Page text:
The FAST principles help us navigate our way forward with AI, and we define risk as anything that contradicts them – for example in our models’ performance, training data sets or communication. The principles read as follows:
- Our AI is fair for all user groups (Fairness)
- We are readily held accountable for our AI development and make sure that humans are in the loop (Accountability)
- Our AI development safeguards environmental and social sustainability (Sustainability)
- Information about our AI development and use is discoverable and understandable for our stakeholders (Transparency)
The principles are the backbone of the FAST framework, but just expressing them is not enough. We need to hold ourselves to them.
The first step towards assessing if our development or use of AI aligns with the FAST principles is to discuss the four areas. For this, we have a shared bank of questions and discussion exercises for teams across our group to consider. Example questions include:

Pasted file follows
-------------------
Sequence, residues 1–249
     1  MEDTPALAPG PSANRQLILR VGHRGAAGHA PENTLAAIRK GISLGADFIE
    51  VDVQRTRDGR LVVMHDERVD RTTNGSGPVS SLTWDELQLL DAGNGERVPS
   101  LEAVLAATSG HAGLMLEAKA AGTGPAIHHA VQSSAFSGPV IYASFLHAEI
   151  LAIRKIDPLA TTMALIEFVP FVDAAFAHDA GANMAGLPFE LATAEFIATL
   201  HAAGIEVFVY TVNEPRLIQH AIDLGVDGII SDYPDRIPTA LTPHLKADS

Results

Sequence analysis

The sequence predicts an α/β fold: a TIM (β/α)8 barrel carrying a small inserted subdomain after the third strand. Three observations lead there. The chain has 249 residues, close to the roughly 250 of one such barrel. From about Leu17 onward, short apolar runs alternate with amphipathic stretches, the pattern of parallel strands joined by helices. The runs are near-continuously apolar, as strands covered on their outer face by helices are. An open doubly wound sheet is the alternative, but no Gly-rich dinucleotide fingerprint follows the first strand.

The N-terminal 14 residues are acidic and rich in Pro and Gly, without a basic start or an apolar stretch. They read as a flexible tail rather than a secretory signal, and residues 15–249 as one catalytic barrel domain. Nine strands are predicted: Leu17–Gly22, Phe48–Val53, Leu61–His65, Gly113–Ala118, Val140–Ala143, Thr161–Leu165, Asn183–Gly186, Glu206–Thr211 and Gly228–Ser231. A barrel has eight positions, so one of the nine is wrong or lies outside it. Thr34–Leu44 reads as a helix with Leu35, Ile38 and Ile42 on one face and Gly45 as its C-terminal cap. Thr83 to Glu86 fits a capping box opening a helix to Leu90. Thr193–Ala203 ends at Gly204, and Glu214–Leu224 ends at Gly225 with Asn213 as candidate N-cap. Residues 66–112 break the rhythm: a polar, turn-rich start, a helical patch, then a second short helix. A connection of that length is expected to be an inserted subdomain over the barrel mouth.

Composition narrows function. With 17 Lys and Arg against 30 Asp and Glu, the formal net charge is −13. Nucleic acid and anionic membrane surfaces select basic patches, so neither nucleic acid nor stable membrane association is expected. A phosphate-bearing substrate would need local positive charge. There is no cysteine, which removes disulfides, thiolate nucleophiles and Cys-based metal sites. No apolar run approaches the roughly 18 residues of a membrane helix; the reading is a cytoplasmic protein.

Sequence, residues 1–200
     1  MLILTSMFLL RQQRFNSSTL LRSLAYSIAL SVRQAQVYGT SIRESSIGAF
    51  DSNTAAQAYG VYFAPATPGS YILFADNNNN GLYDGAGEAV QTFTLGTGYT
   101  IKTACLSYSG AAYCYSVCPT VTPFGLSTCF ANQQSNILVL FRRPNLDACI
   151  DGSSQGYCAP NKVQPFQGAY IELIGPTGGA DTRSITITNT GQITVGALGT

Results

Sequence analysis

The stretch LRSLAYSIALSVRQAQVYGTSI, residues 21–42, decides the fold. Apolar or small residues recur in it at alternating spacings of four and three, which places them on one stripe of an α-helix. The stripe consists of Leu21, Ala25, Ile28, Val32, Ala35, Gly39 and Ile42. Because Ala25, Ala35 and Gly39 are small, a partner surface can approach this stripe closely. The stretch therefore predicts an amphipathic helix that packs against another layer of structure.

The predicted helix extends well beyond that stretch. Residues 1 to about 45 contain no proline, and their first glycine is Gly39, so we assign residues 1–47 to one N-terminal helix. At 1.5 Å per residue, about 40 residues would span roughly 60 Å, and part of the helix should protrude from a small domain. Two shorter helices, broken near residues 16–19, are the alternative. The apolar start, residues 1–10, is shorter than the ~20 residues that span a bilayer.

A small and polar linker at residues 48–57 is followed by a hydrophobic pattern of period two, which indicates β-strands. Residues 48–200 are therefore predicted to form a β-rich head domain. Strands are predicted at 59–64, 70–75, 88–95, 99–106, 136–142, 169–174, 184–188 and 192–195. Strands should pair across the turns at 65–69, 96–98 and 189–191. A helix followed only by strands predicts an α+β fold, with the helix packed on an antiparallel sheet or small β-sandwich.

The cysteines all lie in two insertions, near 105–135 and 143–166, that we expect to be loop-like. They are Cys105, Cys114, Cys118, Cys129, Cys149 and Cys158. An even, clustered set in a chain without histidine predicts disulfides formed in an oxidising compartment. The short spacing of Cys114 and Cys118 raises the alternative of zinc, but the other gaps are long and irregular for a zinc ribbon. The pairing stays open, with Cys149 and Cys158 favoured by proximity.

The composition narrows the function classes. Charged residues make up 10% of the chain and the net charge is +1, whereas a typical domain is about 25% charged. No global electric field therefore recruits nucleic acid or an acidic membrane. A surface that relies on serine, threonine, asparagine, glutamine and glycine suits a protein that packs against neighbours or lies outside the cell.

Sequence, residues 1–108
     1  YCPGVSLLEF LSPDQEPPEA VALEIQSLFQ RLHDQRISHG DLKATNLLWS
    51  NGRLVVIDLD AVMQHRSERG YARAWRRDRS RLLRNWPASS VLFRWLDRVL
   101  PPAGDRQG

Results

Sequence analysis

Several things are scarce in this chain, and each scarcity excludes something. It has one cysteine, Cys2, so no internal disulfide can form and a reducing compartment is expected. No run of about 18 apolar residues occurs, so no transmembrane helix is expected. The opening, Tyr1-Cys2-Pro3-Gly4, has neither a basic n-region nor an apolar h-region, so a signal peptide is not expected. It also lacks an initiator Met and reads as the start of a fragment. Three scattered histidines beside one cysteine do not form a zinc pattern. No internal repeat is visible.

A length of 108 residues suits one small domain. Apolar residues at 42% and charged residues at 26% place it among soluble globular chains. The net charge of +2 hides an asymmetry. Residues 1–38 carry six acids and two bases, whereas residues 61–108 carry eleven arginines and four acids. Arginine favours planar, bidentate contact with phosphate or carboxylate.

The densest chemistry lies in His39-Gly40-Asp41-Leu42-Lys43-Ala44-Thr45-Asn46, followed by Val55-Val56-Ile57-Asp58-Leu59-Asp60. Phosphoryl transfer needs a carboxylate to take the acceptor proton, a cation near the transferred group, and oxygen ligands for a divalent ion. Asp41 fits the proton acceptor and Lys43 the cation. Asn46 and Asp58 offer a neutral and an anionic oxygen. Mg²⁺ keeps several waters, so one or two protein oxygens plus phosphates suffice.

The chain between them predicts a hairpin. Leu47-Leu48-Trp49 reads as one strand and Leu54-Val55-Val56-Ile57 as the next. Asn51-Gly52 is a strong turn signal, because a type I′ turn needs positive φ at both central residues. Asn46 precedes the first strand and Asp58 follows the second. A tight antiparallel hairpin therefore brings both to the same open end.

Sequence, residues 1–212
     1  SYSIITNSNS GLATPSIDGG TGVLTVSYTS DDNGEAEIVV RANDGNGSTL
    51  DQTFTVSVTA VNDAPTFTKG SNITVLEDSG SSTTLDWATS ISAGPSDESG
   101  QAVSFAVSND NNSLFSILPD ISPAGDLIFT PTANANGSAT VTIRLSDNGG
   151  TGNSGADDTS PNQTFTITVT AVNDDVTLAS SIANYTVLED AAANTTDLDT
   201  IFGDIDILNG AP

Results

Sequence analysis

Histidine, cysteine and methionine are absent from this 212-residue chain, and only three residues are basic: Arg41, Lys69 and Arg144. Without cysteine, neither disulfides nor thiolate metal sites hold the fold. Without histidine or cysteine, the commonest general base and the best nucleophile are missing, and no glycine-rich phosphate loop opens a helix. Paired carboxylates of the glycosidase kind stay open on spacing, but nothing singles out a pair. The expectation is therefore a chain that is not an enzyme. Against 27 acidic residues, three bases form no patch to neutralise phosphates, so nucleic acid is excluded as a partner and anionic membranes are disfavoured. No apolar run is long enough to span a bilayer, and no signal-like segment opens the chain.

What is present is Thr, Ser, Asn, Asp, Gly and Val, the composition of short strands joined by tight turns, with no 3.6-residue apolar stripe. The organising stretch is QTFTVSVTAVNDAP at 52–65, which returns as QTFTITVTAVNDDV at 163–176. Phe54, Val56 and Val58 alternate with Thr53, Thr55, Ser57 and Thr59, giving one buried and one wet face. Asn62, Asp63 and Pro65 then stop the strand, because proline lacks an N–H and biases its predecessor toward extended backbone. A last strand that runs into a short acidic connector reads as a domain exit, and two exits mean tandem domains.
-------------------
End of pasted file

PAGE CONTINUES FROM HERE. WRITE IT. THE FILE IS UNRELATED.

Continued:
- Are you training AI-powered systems on datasets that include people of different races and gender, and persons with disabilities? (Fairness)
- Who is the primary contact within your team with overall responsibility for the AI application? (Accountability)
- Have you considered the energy consumption of training and operating your implementation of AI? (Sustainability)
- Do you have a feasible way of understanding how your AI-system comes to a given conclusion? (Transparency)
The FAST questions can be seen as a buffet; the important thing is not that everybody takes big portions of every item, but that they at least see and consider what’s on there.